These tales are known for the part they play in Harry Potter and The Deathly Hallows. After the success of the book, J. K. Rowling decided to write them all down! Please read on for my review of
The Tales of Beedle The Bard
It is supposedly a book with children’s stories, written by Beedle the Bard, with notes from Albus Dumbledore.
But after reading those stories, I can tell you that not all are suitable for children. Nonetheless, they are very educating, reminding of me Aesop’s fables. Some of them may be suitable for younger ages, too. Having grown up with those classics, it was a very nice change reading well worked stories.
It is a very interesting addition to the Harry Potter Universe, that takes us back to small moments of magic.
The heroes and heroines who triumph in his stories are not those with the most powerful magic, but rather those who demonstrate the most kindness, common sense and ingenuity.
Title: The Tales of Beedle the Bard
Author: J.K. Rowling
Genre: Fantasy / Magical Elements, Young Adult
Published by: Bloomsbury Publishing
Published on: 4 December, 2008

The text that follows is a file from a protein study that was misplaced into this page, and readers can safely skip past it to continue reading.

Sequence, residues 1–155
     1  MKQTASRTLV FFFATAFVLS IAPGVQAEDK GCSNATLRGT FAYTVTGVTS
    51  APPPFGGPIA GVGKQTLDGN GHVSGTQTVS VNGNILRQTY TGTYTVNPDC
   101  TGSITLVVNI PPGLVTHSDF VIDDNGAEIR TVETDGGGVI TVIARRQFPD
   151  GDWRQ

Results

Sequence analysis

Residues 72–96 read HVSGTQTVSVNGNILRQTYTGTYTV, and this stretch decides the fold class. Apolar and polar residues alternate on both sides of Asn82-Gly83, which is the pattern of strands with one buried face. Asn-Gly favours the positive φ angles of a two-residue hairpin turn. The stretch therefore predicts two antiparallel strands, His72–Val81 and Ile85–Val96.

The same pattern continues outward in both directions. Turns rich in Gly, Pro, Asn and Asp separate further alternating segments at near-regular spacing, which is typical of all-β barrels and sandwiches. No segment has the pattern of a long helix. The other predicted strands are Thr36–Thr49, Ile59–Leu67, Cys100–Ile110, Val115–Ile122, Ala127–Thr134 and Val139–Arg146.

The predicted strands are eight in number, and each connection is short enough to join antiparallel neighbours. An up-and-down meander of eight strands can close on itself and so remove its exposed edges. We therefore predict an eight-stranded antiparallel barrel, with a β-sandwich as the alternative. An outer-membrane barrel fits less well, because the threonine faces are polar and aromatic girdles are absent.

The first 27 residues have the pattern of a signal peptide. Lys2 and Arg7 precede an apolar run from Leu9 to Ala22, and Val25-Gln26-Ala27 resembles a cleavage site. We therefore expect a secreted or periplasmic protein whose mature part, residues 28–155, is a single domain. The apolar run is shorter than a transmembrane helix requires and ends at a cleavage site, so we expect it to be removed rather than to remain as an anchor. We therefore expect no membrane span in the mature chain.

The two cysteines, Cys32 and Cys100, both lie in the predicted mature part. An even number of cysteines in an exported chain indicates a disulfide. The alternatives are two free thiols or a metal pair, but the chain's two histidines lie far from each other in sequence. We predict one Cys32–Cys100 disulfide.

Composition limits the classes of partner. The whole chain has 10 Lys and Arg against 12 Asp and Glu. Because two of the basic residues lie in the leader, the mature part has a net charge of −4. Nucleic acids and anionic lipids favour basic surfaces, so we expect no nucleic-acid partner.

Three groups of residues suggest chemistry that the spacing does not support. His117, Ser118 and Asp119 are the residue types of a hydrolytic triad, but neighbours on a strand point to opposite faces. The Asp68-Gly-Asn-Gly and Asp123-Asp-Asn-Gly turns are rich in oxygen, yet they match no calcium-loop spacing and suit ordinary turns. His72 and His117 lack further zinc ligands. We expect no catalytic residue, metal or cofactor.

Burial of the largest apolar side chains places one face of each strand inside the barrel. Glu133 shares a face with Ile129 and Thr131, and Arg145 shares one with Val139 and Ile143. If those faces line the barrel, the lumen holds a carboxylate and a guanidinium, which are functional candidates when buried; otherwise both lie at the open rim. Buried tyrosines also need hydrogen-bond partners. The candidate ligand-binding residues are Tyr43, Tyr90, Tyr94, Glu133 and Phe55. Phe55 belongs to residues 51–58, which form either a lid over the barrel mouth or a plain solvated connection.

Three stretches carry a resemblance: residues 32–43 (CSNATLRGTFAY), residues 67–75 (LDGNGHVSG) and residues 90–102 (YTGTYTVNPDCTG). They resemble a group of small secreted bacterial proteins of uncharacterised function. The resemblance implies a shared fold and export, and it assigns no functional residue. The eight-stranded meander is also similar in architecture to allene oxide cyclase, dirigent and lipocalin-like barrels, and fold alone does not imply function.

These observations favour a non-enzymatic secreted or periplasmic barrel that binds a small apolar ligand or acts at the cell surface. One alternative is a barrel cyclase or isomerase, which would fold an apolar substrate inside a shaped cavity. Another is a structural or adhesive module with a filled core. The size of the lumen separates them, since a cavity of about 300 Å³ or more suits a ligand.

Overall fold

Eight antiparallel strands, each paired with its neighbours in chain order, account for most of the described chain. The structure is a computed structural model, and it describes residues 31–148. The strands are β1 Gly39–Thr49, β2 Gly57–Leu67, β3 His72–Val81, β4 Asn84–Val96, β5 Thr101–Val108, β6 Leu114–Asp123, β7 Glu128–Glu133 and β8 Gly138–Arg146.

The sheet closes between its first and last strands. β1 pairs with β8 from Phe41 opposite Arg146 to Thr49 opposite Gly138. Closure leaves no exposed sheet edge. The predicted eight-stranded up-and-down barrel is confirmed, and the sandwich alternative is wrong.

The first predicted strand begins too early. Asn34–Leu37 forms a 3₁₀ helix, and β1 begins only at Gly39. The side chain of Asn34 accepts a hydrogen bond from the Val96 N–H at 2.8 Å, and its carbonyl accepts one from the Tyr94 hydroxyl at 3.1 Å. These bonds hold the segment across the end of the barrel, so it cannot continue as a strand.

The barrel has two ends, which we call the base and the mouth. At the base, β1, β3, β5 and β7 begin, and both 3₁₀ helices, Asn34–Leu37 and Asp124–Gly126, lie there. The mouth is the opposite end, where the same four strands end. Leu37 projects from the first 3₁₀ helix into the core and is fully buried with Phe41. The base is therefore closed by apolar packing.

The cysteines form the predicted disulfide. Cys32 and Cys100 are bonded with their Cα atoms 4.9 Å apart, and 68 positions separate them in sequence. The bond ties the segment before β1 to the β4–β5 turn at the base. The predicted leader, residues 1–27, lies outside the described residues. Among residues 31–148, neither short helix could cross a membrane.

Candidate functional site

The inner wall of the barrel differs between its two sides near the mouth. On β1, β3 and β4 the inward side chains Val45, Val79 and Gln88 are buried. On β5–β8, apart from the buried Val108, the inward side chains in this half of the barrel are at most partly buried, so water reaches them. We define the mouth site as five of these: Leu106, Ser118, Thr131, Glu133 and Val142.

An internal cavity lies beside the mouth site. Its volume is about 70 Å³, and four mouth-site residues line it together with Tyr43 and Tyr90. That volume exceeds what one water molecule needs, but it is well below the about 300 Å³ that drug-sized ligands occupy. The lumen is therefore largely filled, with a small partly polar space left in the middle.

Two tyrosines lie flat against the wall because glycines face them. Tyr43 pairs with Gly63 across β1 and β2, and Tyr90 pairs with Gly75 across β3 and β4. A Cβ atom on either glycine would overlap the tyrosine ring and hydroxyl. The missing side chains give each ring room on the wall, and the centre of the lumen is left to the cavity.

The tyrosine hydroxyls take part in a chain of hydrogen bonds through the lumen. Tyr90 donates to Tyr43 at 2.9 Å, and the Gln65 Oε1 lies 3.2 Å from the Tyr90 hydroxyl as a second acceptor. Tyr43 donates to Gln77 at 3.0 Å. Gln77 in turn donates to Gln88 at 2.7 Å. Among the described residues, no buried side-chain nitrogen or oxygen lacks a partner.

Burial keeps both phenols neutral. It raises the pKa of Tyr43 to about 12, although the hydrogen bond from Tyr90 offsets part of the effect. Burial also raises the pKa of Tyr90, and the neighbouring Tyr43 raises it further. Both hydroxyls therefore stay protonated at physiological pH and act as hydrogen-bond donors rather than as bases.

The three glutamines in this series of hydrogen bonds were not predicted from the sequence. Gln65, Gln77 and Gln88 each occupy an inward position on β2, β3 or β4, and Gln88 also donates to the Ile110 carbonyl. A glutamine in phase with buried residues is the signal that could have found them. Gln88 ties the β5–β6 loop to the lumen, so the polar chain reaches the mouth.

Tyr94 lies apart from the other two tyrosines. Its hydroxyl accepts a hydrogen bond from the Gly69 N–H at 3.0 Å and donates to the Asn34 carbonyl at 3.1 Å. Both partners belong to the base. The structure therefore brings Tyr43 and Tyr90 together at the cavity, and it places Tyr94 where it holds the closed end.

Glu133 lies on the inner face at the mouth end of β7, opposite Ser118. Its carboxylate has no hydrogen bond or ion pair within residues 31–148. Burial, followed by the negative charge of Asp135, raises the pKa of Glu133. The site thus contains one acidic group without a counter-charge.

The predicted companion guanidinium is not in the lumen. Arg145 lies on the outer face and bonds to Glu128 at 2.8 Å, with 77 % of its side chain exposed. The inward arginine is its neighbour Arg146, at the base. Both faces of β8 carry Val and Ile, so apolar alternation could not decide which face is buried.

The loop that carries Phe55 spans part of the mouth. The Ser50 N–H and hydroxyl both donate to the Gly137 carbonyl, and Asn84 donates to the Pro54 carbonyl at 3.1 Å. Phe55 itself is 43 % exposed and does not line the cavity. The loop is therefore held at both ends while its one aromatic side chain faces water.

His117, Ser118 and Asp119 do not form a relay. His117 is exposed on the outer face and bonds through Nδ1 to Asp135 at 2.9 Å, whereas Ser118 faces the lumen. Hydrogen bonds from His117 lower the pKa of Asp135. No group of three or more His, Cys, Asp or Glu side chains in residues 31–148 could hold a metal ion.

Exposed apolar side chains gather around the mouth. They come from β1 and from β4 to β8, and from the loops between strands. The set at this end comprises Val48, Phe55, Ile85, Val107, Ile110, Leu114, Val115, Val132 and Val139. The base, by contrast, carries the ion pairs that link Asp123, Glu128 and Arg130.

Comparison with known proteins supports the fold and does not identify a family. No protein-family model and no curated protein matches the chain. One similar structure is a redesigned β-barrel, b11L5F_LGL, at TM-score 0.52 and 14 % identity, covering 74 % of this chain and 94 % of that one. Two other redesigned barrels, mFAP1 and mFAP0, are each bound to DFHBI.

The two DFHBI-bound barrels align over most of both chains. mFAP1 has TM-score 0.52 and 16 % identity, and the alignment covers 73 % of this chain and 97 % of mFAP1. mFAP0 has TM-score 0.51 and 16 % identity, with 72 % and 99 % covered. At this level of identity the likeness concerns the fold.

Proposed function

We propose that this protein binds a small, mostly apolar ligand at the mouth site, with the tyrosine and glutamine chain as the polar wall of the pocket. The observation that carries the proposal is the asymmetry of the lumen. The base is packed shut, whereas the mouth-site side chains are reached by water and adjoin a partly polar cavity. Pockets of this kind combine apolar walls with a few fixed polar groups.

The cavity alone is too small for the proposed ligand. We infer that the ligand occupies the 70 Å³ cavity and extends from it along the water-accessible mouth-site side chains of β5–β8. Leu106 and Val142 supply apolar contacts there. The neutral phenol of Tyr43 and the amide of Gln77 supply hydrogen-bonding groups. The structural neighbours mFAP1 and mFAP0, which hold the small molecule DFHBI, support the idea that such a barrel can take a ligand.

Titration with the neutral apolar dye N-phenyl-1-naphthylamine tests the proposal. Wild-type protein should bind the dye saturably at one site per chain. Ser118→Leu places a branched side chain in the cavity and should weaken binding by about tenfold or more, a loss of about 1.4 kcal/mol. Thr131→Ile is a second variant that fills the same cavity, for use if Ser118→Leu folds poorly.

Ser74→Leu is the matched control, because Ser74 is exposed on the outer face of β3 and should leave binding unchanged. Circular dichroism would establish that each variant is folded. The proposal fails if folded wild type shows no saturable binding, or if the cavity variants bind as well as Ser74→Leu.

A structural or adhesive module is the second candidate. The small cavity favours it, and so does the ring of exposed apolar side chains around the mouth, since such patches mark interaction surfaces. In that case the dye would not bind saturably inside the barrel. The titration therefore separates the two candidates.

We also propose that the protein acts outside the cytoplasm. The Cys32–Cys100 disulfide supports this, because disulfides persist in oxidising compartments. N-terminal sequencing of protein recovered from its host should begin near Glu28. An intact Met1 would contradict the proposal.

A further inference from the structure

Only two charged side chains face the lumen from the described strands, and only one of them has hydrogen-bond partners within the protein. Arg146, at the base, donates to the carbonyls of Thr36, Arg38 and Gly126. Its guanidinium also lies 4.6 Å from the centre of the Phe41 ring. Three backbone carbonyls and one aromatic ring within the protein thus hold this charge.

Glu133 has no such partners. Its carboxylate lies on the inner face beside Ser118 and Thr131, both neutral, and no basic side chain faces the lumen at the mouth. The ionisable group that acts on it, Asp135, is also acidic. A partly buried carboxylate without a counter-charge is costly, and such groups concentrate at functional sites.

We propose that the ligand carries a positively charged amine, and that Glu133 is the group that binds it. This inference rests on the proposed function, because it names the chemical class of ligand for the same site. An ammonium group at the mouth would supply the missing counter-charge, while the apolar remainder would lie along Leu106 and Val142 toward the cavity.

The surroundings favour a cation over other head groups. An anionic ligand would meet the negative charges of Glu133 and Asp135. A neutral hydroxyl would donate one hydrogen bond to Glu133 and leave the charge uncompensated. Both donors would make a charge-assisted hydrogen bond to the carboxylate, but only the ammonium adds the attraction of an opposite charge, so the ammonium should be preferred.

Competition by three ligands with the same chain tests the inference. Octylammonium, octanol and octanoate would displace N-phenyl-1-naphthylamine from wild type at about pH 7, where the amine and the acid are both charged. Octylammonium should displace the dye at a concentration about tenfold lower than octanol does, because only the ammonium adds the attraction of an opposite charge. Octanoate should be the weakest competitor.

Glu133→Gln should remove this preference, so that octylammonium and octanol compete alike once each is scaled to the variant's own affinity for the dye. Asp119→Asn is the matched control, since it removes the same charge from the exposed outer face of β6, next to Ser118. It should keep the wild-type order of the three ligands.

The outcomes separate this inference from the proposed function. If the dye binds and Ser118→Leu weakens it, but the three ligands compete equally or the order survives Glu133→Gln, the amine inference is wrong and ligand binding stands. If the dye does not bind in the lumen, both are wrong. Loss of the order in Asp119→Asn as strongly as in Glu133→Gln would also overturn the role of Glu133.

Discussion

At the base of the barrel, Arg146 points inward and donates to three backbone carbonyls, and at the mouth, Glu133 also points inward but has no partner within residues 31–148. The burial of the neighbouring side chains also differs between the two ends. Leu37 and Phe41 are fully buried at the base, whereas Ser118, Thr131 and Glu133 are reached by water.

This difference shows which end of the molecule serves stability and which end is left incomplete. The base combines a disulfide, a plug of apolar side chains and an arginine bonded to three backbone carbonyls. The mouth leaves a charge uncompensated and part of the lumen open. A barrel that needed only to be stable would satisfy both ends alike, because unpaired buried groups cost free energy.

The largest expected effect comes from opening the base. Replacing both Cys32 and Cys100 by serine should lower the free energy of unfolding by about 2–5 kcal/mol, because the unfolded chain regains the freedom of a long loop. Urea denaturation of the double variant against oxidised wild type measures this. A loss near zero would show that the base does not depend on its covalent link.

Get Your Copy: Amazon ♦ Barnes&Noble ♦ iTunes ♦ Kobo ♦ IndieBound ♦ Book Depository ♦ Google
The Tales of Beedle the Bard, a Wizarding classic, first came to Muggle readers’ attention in the book known as Harry Potter and the Deathly Hallows. Now, thanks to Hermione Granger’s new translation from the ancient runes, we present this stunning edition with an introduction, notes, and illustrations by J. K. Rowling, and extensive commentary by Albus Dumbledore.
Never before have Muggles been privy to these richly imaginative tales: “The Wizard and the Hopping Pot,” “The Fountain of Fair Fortune,” “The Warlock’s Hairy Heart,” “Babbitty Rabbitty and Her Cackling Stump,” and of course, “The Tale of the Three Brothers.” But not only are they the equal of fairy tales we now know and love, reading them gives new insight into the world of Harry Potter.